WNBA and former Baylor University star Brittney Griner has been released from Russian detention in a prisoner exchange for convicted Russian arms dealer Viktor Bout.
“She is safe. She is on a plane. She is on her way home,” President Joe Biden tweeted on Thursday morning.
Later at the White House alongside Griner’s wife, Cherelle, he said, “After months of being unjustly detained in Russia, held under intolerable circumstances, Brittney will soon be back in the arms of her loved ones, and she should have been there all along.”
Griner was arrested on drug smuggling charges in February, just days before the Russia-Ukraine war started. She was allegedly caught bringing vape cartridges containing cannabis oil through a Moscow airport as she returned to play for a basketball league in the country.
Griner was sentenced to nine years in prison in early August and was transferred to a penal colony in the Republic of Mordovia, about 300 miles southeast of Moscow, in mid-November after losing an appeal.
The exchange did not include another American citizen whom the State Department has declared wrongfully detained, Paul Whelan.
Whelan, a former U.S. Marine who is also an Irish, British, and Canadian citizen, has been detained in Russia since being arrested at a Moscow hotel in December 2018 for allegedly participating in an intelligence operation.
He was sentenced to 16 years in prison on espionage charges which he and his family have maintained strongly are fictitious.
Biden acknowledged that Whelan will remain imprisoned, saying that Whelan’s family “have to have such mixed emotions today.”
“This was not a choice of which American to bring home,” Biden said. “Sadly, for totally illegitimate reasons, Russia is treating Paul’s case differently than Brittney’s. And while we have not yet succeeded in securing Paul’s release, we are not giving up. We will never give up.”
Cherelle Griner thanked the administration for securing her wife’s release and said she was “overwhelmed with emotions.”
She and Brittney Griner “will remain committed to the work of getting every American home, including Paul, whose family is in our hearts today,” Cherelle Griner added.
The Russian government was reportedly only willing to negotiate for Griner and not for Whelan, an unnamed U.S. official told CNN.
Russia has been handling the cases of Griner and Whelan differently based on what each has been accused of, the official said, adding that the Biden administration repeatedly made offers to get Whelan released as part of this deal.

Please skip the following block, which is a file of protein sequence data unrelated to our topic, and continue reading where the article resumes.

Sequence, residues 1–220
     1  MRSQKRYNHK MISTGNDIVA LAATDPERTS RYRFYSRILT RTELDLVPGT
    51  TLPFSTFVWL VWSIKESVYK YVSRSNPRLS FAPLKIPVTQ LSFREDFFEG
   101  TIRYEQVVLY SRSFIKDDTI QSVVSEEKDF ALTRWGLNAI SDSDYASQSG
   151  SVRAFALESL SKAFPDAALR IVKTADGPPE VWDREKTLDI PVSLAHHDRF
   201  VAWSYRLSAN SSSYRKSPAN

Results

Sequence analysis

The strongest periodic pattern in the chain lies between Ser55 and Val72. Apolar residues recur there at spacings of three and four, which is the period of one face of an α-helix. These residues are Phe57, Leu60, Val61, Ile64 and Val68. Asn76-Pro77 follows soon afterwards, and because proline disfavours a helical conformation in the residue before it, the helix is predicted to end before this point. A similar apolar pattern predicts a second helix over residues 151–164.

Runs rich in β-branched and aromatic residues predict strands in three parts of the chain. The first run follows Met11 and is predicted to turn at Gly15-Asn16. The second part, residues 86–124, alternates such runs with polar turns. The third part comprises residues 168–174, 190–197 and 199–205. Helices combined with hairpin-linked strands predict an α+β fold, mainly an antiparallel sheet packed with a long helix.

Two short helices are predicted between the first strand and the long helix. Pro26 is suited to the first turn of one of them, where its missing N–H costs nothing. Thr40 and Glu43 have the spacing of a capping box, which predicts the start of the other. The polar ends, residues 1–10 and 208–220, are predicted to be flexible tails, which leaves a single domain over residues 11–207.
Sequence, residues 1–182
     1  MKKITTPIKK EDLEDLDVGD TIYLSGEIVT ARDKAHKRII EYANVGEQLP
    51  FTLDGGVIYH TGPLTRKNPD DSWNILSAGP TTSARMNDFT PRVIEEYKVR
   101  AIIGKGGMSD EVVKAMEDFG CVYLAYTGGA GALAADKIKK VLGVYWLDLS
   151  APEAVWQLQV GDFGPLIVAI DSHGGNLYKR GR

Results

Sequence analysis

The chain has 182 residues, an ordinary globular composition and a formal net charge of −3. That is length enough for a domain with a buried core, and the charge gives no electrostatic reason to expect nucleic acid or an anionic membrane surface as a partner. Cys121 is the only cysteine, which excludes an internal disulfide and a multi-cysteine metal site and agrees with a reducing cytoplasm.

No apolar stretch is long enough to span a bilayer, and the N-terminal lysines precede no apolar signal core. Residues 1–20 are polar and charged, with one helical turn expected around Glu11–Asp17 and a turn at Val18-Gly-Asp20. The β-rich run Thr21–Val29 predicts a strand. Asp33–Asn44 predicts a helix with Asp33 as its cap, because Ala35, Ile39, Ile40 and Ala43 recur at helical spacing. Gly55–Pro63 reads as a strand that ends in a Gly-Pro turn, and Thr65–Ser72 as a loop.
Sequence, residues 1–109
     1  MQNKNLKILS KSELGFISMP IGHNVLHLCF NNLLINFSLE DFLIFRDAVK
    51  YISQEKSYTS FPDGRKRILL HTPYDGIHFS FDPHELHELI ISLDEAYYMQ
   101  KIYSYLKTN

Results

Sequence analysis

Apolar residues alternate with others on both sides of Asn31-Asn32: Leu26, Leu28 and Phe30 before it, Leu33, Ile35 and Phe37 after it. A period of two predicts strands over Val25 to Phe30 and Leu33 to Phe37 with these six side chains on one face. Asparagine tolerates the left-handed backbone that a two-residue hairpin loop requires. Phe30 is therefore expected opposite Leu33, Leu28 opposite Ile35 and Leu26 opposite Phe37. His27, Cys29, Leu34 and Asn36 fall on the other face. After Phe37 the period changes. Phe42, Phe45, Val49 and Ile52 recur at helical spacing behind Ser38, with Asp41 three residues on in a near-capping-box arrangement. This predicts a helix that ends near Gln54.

“It was a choice to get Brittney or nothing,” the U.S. official said.
The Biden administration had notified the Whelan family of Griner’s release before the news broke. The Whelan family expressed happiness at the news that Griner was on her way home.
“There is no greater success than for a wrongful detainee to be freed and for them to go home,” a statement to media outlets read. “The Biden Administration made the right decision to bring Ms. Griner home and to make the deal that was possible, rather than waiting for one that wasn’t going to happen.”
But the Whelan family also worries about what the future holds for Paul. Appearing on CNN, Paul Whelan’s brother, David, said he is not confident Paul will survive the rest of his sentence in Russia.
“But we do worry about what’s in Paul’s future,” David Whelan said. “I think it’s become clear that the U.S. doesn’t have any concessions that the Russian government wants for Paul. So, I’m not really sure what the future holds.”
The exchange of Griner for Bout has been floated since back in May.
Bout was in the middle of a 25-year sentence in federal prison after being convicted of conspiracy to kill Americans, acquire and export anti-aircraft missiles, and provide material support to a Colombian terrorist organization.
Dubbed the “Merchant of Death,” Bout’s dealings inspired the Nicolas Cage film Lord of War.
Bout is now back in Russia, the Russian foreign ministry said on Thursday. Moscow had slammed his sentencing in 2012 as “baseless and biased,” and Bout has maintained he is innocent.
Steve Zissou, Bout’s U.S. lawyer, said the prisoner swap between Griner and his client was “fair.”
“As I have urged for some time, given the 15 long years that Viktor Bout has been in custody since the United States government targeted him in 2006, his exchange for Brittney Griner, who has only been in custody for a few months, is fair,” Zissou said in a statement.
Former ambassador John Sullivan, who stepped down as the top U.S. diplomat in Moscow in September, told CBS News that the talks to free Brittney Griner were “extremely difficult negotiations.”
“We’re dealing with a government that isn’t bound by law or morals, our counterparty. It’s not a typical diplomatic negotiation. And my understanding is that the Russians really presented the president, President Biden, with a take-it-or-leave-it proposition. One for one, it was Brittney,” Sullivan claimed, citing conversations with current and former officials. “And unfortunately, we’ve had to leave other Americans, in particular Paul Whelan.”